The media mob wasted no time in descending on Charlottesville, and the first order of business was to exploit the bigotry, tragedy and evil to make it the work of the Republicans, conservatives, and above all, Donald Trump.
This has been a project years in the making. Shooting congressmen by a crazed Democratic liberal is reduced to a footnote in accounts of the shooting, and shoved down the memory hole to be forgotten in a day or so. But we can be sure the Charlottesville riot will be endlessly exploited over the next several days and weeks as the white folks’ equivalent of the radical Muslim massacres of Paris, Orlando and San Bernardino.
The counterdemonstrators to a white nationalist rally showed up spoiling for a fight, but that does not excuse the rally organizers for what happened, including the assault by a particularly thuggish assassin driving a car into the crowd. They were finally denounced by the president as the “thugs” — the president’s word — they are.
And it’s true that Mr. Trump, whose tweets are not always calibrated to a presidential standard, should have used language making it clear to the densest among us in his first reaction to the riot that he was not excluding the Ku Klux Klan, neo-Nazis or white nationalists from his description of “evil.”
He finally said explicitly what he had made clear enough on Saturday. He “includes white supremacists, KKK, neo-Nazis and all extremist groups” in his remarks excoriating, denouncing, censuring, blaming, upbraiding, and knocking the evildoers. (Should we get a bigger thesaurus?)
But whatever this president would say, his partisan critics and the media were waiting to pick it apart and find it wanting. He could never say it strong enough. Indeed, in the revised remarks distributed by the White House on Sunday an observant critic would note that he did not spell out “Ku Klux Klan,” perhaps in the hope that many people would not know what the initials KKK actually stand for. Even his adjective “evil” has 27 synonyms in one thesaurus. Why did he not use all of them? What kind of dog could miss that missing whistle?
Martin Luther King’s dream of a day when a man will be judged not by the color of his skin but by the content of his character, has been relegated to the dustbin of discarded ideals by a modern culture that demands that identity politics dice and slice Americans by race, ethnicity, region, gender (even sex) and religious faith. “Diversity” is all in allocating jobs, college admissions, even pay. Merit and performance on the job dare not speak its name.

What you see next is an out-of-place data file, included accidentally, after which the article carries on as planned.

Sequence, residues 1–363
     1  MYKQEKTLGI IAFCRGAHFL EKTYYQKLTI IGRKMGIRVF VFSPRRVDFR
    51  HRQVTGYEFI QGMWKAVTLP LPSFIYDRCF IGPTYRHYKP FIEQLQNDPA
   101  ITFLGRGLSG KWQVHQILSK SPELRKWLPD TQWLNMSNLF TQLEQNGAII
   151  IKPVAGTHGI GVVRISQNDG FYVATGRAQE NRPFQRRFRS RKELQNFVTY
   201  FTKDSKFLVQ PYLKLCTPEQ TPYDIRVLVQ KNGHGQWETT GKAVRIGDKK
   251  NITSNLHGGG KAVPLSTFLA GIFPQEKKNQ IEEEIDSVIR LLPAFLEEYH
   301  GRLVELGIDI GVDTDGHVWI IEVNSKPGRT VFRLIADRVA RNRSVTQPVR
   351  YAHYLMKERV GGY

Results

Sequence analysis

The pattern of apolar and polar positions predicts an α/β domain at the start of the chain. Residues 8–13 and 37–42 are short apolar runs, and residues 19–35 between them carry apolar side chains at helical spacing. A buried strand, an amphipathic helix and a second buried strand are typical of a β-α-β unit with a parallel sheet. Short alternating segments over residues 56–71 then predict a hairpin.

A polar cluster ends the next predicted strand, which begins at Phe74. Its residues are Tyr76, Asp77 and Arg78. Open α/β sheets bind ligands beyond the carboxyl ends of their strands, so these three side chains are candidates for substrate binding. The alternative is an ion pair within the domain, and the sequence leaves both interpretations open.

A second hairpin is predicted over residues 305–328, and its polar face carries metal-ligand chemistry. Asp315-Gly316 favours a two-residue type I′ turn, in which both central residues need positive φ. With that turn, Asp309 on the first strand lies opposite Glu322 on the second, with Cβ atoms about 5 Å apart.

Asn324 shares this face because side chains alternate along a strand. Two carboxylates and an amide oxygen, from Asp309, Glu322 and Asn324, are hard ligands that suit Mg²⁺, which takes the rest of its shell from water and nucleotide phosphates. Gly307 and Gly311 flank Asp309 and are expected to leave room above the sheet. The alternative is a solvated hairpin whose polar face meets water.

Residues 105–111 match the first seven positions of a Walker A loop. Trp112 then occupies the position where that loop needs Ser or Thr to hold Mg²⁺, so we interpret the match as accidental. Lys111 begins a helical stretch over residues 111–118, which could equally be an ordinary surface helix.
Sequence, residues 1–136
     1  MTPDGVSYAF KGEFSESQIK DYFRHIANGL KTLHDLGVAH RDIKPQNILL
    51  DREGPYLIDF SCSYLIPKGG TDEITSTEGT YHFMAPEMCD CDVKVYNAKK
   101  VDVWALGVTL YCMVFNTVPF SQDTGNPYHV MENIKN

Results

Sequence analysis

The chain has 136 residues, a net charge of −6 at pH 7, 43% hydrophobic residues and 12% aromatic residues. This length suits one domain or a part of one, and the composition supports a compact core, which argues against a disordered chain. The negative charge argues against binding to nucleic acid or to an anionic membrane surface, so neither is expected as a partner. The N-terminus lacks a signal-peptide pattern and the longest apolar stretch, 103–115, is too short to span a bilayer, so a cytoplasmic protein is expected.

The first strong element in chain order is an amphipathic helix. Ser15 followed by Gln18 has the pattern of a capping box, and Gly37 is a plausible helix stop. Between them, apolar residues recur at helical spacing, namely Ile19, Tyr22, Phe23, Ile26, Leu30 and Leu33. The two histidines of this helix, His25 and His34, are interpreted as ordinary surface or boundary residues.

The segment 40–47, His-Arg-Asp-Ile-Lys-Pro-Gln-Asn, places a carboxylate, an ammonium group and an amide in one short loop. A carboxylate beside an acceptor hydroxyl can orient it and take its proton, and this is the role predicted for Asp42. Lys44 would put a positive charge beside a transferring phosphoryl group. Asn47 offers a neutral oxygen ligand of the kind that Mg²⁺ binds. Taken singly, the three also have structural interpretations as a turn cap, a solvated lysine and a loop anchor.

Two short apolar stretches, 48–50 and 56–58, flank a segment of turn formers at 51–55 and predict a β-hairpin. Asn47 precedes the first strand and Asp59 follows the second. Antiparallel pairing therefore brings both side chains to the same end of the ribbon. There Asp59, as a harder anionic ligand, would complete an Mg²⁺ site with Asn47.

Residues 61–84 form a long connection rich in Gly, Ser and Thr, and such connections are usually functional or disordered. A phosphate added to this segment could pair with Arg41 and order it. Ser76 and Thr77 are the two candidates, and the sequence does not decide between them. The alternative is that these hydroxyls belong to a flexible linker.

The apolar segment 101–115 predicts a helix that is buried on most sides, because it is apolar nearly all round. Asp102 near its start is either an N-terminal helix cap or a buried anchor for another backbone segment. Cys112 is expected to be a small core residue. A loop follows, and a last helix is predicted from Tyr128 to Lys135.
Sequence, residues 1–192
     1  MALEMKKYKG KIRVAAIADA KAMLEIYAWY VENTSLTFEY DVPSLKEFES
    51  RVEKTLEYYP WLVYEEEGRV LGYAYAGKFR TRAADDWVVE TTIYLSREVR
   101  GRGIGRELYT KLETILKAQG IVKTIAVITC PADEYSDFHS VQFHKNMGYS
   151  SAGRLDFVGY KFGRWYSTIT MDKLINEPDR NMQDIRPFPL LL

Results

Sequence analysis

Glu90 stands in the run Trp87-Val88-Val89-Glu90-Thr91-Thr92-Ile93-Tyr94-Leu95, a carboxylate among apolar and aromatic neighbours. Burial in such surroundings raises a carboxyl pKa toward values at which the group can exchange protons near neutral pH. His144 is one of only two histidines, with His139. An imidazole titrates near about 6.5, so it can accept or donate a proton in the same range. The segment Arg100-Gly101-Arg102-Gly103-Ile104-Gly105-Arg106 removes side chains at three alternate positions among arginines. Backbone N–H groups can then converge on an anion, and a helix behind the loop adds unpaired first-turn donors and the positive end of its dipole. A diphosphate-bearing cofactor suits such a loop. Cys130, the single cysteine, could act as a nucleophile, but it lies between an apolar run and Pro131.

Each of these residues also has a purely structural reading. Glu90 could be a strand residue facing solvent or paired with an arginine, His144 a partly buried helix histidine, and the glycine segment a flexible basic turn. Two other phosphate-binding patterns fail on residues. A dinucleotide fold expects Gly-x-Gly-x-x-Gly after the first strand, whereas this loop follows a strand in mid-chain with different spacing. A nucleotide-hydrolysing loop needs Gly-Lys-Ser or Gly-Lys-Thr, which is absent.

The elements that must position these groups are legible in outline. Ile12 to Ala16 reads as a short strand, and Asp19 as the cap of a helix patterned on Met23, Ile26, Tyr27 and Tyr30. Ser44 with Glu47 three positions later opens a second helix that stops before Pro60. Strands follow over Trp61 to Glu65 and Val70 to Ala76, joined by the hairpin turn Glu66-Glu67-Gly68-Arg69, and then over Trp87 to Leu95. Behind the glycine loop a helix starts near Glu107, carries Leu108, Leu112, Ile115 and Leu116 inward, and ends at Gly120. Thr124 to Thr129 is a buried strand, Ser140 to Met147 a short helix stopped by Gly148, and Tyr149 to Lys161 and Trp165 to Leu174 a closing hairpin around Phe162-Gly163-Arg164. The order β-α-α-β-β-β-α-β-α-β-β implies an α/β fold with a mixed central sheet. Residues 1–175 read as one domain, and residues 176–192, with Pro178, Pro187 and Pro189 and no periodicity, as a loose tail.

“A politics fixated on indelible differences will inevitably lead to resentments that extremists can exploit in ugly ways on the right and left,” observes The Wall Street Journal. “The extremists were on the right in Charlottesville, but there have been examples on the left in Berkeley, Oakland and numerous college campuses. When Democratic politicians can’t even say that ‘all lives matter’ without being denounced as bigots, American politics has a problem.”
Bernie Sanders was the Democratic politician who learned that painful lesson when he thought he was making the uncontroversial point that all lives do, indeed, matter. Who could argue with that? He soon learned, and a day later apologized with a full grovel, and would have tugged a forelock if he still had one.
That’s why this chaos threatens never to end for as long as the generations alive today survive. Calls for “unity” sound good and make those calling for “unity” feel good about themselves if not about anyone else. But extremists define “unity” to mean unity as when dissenters and naysayers are clubbed into bloody submission. We’ve been diced and sliced beyond unity and one day soon the Middle East, with its cultural and religious differences and a hundred reasons to fight and kill each other over arcane points of theology that outsiders cannot fathom, will have nothing on America, where the liberals and the left demand unanimous submission as the price of unity.
Soon all the statuary of Robert E. Lee, recognized by history and his military peers as America’s greatest soldier, will have been pulled down to become but chips and chunks of litter across a broken land, replaced by sordid icons of a sordid culture. Still the politically pious will demand satisfaction, but satisfaction always just out of reach.
The ultimate lesson of Charlottesville and all the assaults on decency from every “side” is that we are the inheritors of Lincoln’s exceptional nation who failed to preserve it. “A republic, sir,” Benjamin Franklin replied when a bystander in Philadelphia asked him what the Founding Fathers had bequeathed on that first Fourth of July. “If you can keep it.”
• Wesley Pruden is editor in chief emeritus of The Times.